Tirgan is a summer festival in Toronto. It is a celebration of Iranian culture, food, dance, and music. I've had the pleasure of being Tirgan's creative director since its humble inception in 2008. Today it is a well-known name among Toronto's busy festival calendar.
2008: The beginnings
The first festival was held in 2008 by a small group of volunteer organizers, under a different name: "Once upon a time." I was asked to create the festival's logo and visual identity and help produce all the festival assets. I wanted the festival's brand to capture the fun, vibrant, and lively atmosphere that the event promised. For the logo, I used the elegant curves of Persian calligraphy to create a butterfly out of the festival's name. The inaugural poster was an explosion of colors, shapes, and motifs that helped people anticipate the type of activities on offer at the festival. Arabesque flourishes hinted at the festival's Persian roots.
2011: Tirgan gets its name
In 2011 the festival was permanently renamed to Tirgan. Tirgan's roots date back thousands of years to an ancient celebration, and we wanted a new identity to reflect and celebrate the enduring nature of the occasion. Because people were already familiar with the previous festival's branding, I wanted the new logo to feel like a logical evolution of the old one and contain the same essential elements; uplifting colours and Persian typography. It was ultimately the tree motif that emerged as our final brand.
The plan was for each festival to have a distinct visual theme. For the 2011 edition, I created a visual language inspired by Persian tapestry. With our event line-up changing frequently, this design allowed us to scale and adapt quickly.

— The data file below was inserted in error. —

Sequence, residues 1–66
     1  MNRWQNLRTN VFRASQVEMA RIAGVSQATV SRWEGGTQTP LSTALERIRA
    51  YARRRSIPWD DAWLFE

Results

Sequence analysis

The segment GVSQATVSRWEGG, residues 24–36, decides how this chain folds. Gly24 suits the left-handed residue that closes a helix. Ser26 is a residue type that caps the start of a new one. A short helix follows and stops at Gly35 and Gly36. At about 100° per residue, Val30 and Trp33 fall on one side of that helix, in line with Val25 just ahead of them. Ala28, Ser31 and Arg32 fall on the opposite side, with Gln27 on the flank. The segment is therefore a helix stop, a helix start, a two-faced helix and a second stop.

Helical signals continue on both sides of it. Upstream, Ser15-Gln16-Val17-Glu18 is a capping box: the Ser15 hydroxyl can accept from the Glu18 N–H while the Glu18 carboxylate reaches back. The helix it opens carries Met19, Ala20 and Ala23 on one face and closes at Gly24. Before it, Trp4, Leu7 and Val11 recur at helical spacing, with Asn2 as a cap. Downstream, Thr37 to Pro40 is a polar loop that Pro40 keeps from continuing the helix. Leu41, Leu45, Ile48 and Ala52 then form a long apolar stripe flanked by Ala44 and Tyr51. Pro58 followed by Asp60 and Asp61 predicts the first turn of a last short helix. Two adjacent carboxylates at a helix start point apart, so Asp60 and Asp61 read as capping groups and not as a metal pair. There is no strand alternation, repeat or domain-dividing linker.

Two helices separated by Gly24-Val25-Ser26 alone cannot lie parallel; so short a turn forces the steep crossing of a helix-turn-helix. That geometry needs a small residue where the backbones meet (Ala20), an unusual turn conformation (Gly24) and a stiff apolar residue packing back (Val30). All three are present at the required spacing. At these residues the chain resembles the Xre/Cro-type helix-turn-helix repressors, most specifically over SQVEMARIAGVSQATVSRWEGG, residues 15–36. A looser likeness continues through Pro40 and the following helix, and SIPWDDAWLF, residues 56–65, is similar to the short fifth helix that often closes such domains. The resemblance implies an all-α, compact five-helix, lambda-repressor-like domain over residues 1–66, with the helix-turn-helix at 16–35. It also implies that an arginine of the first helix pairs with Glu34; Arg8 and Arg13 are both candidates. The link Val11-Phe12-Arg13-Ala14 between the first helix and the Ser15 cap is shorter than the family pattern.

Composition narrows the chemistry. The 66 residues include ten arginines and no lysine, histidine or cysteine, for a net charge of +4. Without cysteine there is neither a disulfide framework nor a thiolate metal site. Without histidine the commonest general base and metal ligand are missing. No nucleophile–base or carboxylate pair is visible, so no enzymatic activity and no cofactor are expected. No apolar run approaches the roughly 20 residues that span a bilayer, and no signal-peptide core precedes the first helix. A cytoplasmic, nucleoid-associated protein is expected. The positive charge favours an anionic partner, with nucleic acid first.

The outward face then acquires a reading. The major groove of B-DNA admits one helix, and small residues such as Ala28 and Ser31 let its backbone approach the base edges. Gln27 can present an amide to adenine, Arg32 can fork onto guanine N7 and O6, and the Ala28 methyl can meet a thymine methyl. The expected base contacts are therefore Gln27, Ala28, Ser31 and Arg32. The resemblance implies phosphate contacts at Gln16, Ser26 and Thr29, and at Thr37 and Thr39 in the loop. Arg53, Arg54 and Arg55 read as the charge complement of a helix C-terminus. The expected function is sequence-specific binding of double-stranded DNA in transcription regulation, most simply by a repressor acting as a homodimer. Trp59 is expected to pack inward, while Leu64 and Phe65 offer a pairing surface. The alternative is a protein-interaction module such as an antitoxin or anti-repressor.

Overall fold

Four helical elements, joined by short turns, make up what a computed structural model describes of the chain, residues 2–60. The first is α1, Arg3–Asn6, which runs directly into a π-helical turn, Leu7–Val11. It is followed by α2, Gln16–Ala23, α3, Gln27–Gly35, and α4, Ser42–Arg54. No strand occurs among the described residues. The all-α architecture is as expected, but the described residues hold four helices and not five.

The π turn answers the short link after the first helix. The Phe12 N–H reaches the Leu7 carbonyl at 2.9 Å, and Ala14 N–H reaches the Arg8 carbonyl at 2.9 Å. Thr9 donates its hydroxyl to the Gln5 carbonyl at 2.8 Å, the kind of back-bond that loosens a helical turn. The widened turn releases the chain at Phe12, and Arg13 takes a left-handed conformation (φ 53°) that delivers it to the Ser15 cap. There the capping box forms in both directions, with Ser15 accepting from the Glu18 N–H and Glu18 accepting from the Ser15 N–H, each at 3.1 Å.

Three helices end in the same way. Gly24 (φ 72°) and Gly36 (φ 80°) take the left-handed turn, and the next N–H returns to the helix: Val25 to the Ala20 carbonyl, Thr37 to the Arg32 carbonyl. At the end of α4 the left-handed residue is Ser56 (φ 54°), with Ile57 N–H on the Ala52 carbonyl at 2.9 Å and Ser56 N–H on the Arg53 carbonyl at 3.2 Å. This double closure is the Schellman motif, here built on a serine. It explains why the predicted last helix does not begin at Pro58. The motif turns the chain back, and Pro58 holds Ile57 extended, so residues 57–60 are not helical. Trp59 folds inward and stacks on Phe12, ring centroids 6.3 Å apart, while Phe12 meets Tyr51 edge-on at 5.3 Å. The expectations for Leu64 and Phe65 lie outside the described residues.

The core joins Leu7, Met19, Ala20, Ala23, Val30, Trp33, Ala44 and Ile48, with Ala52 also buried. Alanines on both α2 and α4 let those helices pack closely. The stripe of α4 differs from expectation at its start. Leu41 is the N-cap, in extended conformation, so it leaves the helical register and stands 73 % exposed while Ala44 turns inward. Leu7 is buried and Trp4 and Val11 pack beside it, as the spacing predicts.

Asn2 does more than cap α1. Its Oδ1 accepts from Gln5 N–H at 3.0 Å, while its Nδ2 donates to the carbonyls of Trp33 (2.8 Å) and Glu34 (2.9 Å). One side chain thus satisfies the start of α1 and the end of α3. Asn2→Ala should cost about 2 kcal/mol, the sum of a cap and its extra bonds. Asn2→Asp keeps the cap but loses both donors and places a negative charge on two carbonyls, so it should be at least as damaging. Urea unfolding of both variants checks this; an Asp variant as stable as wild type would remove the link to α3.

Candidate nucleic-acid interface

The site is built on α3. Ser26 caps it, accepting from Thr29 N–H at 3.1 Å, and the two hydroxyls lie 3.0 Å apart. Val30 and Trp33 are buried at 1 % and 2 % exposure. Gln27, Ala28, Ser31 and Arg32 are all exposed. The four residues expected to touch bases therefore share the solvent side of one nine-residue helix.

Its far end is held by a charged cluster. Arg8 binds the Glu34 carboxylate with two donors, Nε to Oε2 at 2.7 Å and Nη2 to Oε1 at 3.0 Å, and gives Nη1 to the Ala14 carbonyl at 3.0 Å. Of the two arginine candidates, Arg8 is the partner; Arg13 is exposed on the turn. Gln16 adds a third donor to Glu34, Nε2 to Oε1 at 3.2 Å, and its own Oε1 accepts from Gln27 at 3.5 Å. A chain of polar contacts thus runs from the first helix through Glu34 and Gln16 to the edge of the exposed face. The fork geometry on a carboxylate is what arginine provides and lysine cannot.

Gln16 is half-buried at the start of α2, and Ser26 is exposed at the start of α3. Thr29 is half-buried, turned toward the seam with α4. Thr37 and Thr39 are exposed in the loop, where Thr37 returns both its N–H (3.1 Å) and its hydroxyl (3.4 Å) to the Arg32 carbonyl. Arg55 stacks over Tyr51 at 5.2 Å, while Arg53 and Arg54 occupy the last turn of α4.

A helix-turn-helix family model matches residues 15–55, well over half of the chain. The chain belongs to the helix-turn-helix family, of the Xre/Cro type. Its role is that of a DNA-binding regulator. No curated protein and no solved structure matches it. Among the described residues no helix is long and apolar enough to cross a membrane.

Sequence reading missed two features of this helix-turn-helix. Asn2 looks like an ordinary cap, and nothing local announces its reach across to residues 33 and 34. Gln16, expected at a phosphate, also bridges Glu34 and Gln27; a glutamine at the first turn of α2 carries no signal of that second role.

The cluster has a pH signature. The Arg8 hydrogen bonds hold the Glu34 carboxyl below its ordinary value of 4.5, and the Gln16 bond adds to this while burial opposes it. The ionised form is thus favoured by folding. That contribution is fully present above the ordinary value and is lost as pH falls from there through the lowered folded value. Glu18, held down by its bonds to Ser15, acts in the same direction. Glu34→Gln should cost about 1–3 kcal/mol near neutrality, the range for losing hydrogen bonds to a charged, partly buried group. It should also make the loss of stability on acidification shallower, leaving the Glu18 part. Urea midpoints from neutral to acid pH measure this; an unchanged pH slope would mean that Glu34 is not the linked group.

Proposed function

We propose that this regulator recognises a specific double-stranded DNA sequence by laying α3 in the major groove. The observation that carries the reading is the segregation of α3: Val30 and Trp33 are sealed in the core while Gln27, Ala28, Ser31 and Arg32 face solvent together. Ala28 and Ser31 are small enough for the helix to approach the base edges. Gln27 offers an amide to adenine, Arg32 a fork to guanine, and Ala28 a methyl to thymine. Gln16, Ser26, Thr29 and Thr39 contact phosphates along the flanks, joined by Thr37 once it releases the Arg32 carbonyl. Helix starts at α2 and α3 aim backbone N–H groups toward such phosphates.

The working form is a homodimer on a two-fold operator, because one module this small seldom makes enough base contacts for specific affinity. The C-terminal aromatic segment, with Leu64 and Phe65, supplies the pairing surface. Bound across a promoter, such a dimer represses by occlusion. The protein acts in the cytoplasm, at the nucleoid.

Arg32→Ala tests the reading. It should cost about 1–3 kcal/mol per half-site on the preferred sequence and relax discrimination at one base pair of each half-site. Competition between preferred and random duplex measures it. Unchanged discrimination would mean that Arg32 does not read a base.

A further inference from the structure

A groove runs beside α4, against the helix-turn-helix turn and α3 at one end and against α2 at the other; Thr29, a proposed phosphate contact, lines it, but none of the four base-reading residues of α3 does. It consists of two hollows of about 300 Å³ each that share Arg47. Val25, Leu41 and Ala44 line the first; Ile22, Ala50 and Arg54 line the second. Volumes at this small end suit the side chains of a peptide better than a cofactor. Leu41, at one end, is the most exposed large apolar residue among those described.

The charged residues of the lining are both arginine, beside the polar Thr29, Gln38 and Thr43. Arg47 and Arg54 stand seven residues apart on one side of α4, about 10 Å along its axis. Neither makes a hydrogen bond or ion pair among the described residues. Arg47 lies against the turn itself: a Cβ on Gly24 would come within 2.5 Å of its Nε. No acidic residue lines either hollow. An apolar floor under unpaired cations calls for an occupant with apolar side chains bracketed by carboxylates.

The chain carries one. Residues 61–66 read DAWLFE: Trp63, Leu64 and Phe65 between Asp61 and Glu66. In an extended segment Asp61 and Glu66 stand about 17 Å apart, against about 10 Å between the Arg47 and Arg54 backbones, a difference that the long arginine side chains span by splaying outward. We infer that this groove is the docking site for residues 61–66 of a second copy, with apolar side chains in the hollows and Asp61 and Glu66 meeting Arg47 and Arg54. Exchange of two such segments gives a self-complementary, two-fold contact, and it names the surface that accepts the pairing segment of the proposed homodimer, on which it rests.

2013: Bigger and better
By 2013 Tirgan was already in its third edition and was attracting crowds of well over 100,000. My theme for the 2013 edition of the festival was 'colliding worlds,' an affirmation of the dichotomy between the festivals' western physical setting and its eastern cultural content. With the festival itself growing, we had many more assets to produce; posters, event booths, print ads, festival programs, sponsorship guides, merchandising, signage. In addition to overseeing the production of all these assets, I also designed the UX and user interface for our iPhone app. We made gratuitous use of Sam Javanrouh's brilliant photos of Toronto, who graciously allowed us to use them.
2015: Tirgan turns 5
2015 was a special year because it was our 5th edition of the festival. By now Tirgan now had its own office and permanent staff, in addition to our passionate and ever-growing volunteers. It was also the first time I was working with the team remotely after having moved to San Francisco.
I was itching for a more illustrative style this time, and after exploring several directions I ended up with the 'halves' concept, showing cross-sections of elements that have similar significance in both Iranian and Canadian cultures.
In addition to creative direction for the festival, I also updated the design of our app to be compatible with the newer iOS version as well as our updated festival theme.
2017: a day at the festival
After the 2015 festival, and after so many years in charge of the festival's design, I wanted to hand the torch to someone else with fresh ideas. But old flames die hard, and over a cup of coffee in the summer of 2016, the festival organizers convinced me to keep the fire burning for another year.
Thankfully, the festival's 2017 artistic statement provided just the spark I needed. It drew parallels between multiculturalism in ancient Iran and modern day Canada. This gave me an idea for visually representing this concept in a way that built on the success of the 2015 creatives for which the festival received a good deal of positive feedback.
To realize the idea, I decided to work with the talented Alex Mostov, Seattle-based illustrator whose style I love.